Not too long ago, yesterday afternoon, I lost my best friend, Patrick, to a herd of infected. It was truly a heartbreaking moment. I told him to get ready to run, but he didn’t run when I started to. There wasn’t anything I could do except escape and hope he held out long enough for me to make it back to the ranger station to get help. When I made it back, the walkie-talkie operators informed me of his death. Poor Pat, turned into an infected. His final words over the walkie-talkie consisted of grunts, sounds that only an infected could make—or so I’ve been told by the operators.
But today is a new day! The sun is rising, the morning dew is glistening, the birds are chirping. Well, birds learned to avoid chirping long ago, so they don’t chirp anymore, but they’re chirping figuratively in my head. Yes, not too long ago, I almost died with Patrick, but I didn’t. I survived, and what kind of survivor would I be if I didn’t celebrate life? It’s a shame Patrick couldn’t welcome this morning with me as a sane individual, but maybe he’s happily living as an infected.
“Morning. You’re up early.”
And someone’s awake before me. “Good morning, Bern. Checking on the meat?”
Bern’s an old guy, about sixty years old if I had to hazard a guess. But he’s in great shape, used to be a park ranger. He came to the station when the outbreak occurred, figuring it was the safest spot. Got everything set up for long-term survival: a well, a smoker shed, a little garden, but most importantly, traps for the infected. Are traps the most important thing for survival? Of course. Someone can survive three days without water, but if they’re bit, they’re fucked. There’s no coming back from a bite.
“Yes. It should be about ready to take inside.”
“Want some help?”
“That’d be welcome.”
I snubbed out my cigarette, put on my helmet, which is always close by, and slipped on my gloves. I grabbed a bat leaning against the wall and headed outside. It really was a nice day today. Not an infected in sight. The field of traps hadn’t caught any, which is a relief. The smell their blood gives off is unbelievably putrid. Even after being exposed to it so many times, it still makes me sick to my stomach. The smoker shed is attached to the back of the ranger station but can only be accessed from the outside. Bern figured if any infected showed up, they’d go for the meat first.
“Spence, you see that?”
Bern pointed at a tree. It was a bit hard to see through my smudged visor, so I raised it. Something, no, someone was up there. The person was wearing camouflage similar to mine. Was it a hunter from another camp? Or … is that Patrick?
Bern coughed. “My eyes aren’t as good as they used to be. What do you see? Because I see a person.”
“I see a person too.”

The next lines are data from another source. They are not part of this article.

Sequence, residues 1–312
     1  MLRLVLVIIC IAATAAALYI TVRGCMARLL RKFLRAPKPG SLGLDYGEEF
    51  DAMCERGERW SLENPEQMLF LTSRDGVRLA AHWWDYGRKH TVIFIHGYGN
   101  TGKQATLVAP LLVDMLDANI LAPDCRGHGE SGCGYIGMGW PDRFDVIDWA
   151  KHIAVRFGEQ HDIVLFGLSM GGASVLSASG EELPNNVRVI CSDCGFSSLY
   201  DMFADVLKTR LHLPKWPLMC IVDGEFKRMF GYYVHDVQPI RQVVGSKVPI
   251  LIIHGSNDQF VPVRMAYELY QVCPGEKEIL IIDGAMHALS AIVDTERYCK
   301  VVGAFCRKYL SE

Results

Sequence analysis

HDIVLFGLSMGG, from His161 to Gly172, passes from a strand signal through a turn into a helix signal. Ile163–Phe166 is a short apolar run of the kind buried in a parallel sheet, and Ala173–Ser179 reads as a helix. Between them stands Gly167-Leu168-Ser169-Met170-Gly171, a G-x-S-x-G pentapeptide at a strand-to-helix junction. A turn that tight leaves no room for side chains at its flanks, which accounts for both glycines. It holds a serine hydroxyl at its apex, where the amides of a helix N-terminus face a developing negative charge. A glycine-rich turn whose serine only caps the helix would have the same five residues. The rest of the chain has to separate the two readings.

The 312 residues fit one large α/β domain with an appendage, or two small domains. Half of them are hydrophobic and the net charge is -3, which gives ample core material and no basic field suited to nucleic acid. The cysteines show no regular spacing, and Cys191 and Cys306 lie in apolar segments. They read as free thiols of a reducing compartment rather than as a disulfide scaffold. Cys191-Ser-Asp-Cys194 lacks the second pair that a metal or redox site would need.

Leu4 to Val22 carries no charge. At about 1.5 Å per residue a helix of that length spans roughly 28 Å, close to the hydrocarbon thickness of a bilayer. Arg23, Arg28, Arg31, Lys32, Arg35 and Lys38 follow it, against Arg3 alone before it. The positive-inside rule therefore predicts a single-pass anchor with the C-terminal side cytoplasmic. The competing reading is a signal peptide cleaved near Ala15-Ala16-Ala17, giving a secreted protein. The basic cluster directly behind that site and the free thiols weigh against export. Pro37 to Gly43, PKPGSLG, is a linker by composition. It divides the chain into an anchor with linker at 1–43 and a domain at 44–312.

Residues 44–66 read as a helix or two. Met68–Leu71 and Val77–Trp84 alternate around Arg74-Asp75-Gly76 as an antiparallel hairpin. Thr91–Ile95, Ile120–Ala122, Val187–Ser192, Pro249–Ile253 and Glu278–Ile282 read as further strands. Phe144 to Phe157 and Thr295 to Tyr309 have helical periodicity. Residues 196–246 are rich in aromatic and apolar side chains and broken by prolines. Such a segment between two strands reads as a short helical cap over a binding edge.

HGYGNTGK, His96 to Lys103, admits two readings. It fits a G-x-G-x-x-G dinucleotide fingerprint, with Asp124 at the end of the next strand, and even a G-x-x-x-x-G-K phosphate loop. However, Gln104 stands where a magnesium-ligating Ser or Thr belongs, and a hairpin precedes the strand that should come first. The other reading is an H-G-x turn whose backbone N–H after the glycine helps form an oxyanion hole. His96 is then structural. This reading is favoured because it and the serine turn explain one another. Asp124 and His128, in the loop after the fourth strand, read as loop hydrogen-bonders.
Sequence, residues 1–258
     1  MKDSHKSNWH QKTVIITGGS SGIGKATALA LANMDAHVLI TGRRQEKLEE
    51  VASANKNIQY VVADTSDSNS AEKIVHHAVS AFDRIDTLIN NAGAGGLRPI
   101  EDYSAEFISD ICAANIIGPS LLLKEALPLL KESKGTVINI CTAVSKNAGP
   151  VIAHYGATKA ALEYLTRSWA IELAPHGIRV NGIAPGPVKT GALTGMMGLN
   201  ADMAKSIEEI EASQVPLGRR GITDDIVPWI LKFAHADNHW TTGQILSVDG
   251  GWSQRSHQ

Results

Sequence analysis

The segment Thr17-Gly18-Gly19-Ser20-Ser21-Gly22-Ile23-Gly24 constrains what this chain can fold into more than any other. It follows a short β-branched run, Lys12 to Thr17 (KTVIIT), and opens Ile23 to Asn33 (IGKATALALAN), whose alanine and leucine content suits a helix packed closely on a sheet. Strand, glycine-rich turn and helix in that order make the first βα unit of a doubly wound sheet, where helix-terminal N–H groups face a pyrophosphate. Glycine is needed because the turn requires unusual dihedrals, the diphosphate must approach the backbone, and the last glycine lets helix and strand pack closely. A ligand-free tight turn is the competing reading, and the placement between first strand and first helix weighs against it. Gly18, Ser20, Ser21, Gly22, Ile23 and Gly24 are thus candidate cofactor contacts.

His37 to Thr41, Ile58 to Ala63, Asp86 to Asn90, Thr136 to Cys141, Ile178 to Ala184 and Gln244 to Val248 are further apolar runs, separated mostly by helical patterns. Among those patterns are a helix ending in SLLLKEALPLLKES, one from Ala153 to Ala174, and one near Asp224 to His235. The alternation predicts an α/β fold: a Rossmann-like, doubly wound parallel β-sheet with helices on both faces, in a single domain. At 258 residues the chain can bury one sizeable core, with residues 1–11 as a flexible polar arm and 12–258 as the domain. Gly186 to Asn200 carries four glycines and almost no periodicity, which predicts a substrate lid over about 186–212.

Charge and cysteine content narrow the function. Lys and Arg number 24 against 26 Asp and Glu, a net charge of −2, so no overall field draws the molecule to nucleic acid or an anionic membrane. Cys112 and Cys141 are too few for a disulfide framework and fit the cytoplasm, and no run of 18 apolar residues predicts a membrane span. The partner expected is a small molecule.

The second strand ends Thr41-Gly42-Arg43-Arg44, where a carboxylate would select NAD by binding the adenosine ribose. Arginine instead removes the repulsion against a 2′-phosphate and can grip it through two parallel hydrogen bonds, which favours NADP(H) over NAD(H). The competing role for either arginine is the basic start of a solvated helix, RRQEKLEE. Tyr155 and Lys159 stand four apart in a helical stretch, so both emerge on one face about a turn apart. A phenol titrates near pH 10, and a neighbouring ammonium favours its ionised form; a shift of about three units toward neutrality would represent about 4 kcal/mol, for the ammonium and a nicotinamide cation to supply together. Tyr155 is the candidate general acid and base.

“Do you want to go over there and check it out?”
“Do you want to go by yourself?” Bern exhaled and shook his head. “Let me get dressed.” He turned around and went back inside the ranger station. For some reason, I have a bad feeling about this. The way that person’s positioned in the tree, it reminds me too much of Patrick. And those clothes. It’s a bit too far to see, but I don’t think the person’s wearing a helmet at least. Maybe Patrick survived? Infected can’t climb trees. What if he tells everyone I abandoned him? They might cast me out of the group. But I didn’t have a choice!
Alright, I have to calm down. I lowered my visor and turned around. Bern was wearing a motorcycle helmet and camouflage clothes. Like me, he was holding a bat, and there was a strap around his chest with a knife for easy access. “Okay. Watch your step.”
Bern snorted. “Who do you think set these traps?”
That’s a good point. From the ranger station to the woods, it’s an open clearing split by a dirt path. At first glance, it doesn’t seem that great for keeping infected away. But there’s tons of traps. Most of them are suited only for catching infected: tripwires with spikes placed in front of them, a few holes—not larger than my fist—with a spike placed inside of them, nothing fancy. However, there are a ton of caltrops scattered in the grass, and the points on those are more than enough to pierce through the soles of my boots. Thankfully, there aren’t many.
“I think I should make some more caltrops,” Bern muttered from behind me. “There’s not enough.”
“So, how do you think that person got stuck up there?”
“Let’s not talk in case there’re infected.”
But you started it. Never mind, he’s got a point. There shouldn’t be any infected this close to the camp. There’s tons of tree spring noose traps meant for catching small animals, but they’re surprisingly good at catching infected too. Not only that, there are dozens of pits with spikes inside of them. They’re baited with blood too, so the infected are more likely to fall in. Even that bow-wielding infected would’ve fallen prey to these traps. Though, have the traps been baited recently? I haven’t done it, but somebody else must have. But Bern’s right; it doesn’t hurt to be safe. One or two infected might slip through, like this one. Not like it can do anything to me with my helmet and…. Oh, shit.
Bern’s bat crushed the infected’s skull, and it slumped to the ground like a ragdoll. “What’s the matter, Spence? Why’d you freeze?”
I forced down the fear building inside me with a deep breath. “Its hands. Look at its hands.”
“What’s wrong with…? Are these spikes?” Bern crouched down and grabbed the infected’s arm. A shadow moved between the trees behind him. Another one moved. Then another. The shadows were coming towards us.
“Run?” Bern’s voice came from behind me. “Why—”
It was hard to hear him over the sound of my footsteps. But I thought I heard him scream.